2. How far is the setback being reduced? If most houses on the street are 50' from the road and the subject is 100' and they are all losing 25', the house 100' back is likely not going to be adversely affected.
3. Is the project affecting the well or septic, if applicable?
4. Will there be adequate parking when the project is complete?
5. Will the lot and/or house comply with zoning 'after' the project and what is the local authority's opinion on legal or grandfathered houses in this case? Will they grant an automatic variance if the house/lot is now non-compliant?
6. Are there setback damages only to the house or is the lot also being damaged?
7. Are municipal water and sewer and storm sewers included in the project and will their presence/availability offset any or all of damages?

Most r/w appraisers establish a r/w setback loss factor based on matched pairs, i.e., similar house sales in the area, one close to the road, one not so close, ideally they are about the same as the subject in the 'before and after'. Others use studies that are fairly in-depth and reasonable; I do it either way depending on the desires of the client.

You say that ..."Obviously, the lot value does not come close to how the property is negatively affected from the loss of the land..." How do you know and how have you proven this? If you go to court you will have to PROVE it. You sound like an advocate instead of a disinterested third party. Sometimes being closer to a wide, safer street more than offsets the perceived loss in value (at least in the eyes of a typical buyer). Many times the properties along a newly improved road increase in value because the road is now much safer, especially if sidewalks are part of the project. I've had owners crying and yelling about the fact that the project will '"destroy my property value" when in reality, the market often shows via area sales before and after the project that there were no damages at all and in fact the property values increase.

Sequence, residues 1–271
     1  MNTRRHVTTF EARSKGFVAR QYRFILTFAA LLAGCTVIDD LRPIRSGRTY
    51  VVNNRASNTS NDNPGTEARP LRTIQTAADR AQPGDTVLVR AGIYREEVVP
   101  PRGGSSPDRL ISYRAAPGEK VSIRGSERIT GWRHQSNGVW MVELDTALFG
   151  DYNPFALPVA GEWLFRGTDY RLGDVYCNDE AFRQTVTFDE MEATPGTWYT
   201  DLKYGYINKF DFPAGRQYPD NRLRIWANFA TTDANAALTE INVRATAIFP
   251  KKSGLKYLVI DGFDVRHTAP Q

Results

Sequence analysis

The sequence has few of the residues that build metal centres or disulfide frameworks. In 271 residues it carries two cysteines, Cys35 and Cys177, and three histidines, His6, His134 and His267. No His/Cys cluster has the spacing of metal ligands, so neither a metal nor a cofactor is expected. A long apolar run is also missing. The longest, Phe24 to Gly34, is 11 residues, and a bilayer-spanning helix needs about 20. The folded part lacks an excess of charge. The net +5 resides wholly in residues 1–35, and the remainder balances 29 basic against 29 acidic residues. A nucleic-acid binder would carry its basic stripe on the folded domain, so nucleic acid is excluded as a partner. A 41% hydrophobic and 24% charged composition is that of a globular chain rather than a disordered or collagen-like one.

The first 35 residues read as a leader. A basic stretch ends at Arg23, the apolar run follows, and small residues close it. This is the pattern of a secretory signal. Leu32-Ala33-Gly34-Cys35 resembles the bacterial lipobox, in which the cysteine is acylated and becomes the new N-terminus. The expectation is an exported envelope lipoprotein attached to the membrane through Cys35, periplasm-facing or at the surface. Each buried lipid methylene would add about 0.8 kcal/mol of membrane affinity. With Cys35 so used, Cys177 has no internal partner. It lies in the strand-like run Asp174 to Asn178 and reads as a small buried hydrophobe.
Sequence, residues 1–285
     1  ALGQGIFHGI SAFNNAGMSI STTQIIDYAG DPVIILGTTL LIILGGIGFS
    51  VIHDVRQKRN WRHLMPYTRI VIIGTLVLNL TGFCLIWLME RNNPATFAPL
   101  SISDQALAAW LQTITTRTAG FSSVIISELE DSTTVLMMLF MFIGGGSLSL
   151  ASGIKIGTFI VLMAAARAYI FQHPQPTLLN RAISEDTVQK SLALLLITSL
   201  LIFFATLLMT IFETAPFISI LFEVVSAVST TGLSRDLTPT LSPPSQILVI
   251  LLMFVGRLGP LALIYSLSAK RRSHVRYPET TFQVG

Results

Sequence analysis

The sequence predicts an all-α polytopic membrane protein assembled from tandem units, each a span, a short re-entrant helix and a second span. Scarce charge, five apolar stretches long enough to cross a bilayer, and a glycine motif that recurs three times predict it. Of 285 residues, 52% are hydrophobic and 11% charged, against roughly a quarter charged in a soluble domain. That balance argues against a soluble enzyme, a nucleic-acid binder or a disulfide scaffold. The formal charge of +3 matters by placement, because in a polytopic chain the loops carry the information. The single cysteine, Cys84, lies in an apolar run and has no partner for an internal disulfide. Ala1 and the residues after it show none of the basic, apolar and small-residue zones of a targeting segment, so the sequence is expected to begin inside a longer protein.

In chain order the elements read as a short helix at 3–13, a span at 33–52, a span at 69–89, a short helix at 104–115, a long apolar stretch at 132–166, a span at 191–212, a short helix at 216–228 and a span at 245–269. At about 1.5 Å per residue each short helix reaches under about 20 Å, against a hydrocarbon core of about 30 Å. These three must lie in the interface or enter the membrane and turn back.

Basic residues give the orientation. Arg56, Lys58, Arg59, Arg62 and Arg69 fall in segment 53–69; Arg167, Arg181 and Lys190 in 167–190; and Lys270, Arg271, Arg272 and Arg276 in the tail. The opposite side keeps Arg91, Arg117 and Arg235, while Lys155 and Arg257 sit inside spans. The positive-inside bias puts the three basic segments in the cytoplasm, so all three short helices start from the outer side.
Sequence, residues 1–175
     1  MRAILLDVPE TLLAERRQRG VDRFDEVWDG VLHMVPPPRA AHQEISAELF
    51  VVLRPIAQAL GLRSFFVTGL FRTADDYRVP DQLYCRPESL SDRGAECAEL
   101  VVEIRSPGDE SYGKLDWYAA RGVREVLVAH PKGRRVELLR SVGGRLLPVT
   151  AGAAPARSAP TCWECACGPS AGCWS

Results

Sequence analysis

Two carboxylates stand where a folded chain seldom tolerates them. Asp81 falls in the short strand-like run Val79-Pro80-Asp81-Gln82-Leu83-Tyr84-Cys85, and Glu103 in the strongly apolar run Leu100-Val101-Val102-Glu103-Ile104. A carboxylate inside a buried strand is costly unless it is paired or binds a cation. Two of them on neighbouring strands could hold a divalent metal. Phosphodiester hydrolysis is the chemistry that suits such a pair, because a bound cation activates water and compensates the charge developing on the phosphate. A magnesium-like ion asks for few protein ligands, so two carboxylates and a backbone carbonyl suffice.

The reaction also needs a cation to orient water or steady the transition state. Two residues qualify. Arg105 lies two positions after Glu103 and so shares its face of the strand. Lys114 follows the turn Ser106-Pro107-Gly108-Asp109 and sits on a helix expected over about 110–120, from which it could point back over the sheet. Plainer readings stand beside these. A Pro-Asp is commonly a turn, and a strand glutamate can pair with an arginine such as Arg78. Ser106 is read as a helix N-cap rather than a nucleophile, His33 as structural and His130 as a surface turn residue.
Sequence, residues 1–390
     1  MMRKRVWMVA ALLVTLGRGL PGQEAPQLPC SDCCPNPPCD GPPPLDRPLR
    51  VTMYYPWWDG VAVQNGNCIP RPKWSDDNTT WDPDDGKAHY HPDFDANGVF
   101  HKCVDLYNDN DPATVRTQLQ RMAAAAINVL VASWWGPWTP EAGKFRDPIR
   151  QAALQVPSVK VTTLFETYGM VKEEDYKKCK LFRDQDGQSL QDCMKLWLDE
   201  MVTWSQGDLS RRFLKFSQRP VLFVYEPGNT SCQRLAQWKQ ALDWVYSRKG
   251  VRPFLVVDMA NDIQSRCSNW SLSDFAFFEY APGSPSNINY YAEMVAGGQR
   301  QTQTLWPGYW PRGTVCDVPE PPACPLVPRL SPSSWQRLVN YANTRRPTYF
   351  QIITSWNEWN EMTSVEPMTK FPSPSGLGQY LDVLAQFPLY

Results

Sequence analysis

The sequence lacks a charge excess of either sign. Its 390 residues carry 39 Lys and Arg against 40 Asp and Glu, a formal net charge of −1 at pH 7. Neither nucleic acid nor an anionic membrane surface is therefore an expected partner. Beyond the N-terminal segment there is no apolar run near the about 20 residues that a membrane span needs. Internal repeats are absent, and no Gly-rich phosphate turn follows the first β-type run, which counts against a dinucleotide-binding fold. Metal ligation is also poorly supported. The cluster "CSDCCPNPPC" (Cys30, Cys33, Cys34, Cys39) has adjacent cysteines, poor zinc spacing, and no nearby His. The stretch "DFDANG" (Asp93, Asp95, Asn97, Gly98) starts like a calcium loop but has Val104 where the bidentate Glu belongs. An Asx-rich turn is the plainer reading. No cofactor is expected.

I would strongly advise you to contact your local International Right of Way Association and hire an appraiser as a mentor if you're determined to see this through. Better yet, tell the attorney to hire the r/w appraiser and see if you can go along and help for the experience.

If you end up on the stand, and its very likely you will in a case like this, you may end up wishing you'd passed this assignement on to someone else. This type of work requires specialized competence and not having it could be construed as a USPAP violation. Around here, the state and county frequently send faulty r/w appraisals to the appraisal board for review and dicipline when an inexperienced appraiser wanders into these strange waters, mucking up and delaying a road project.

Good luck!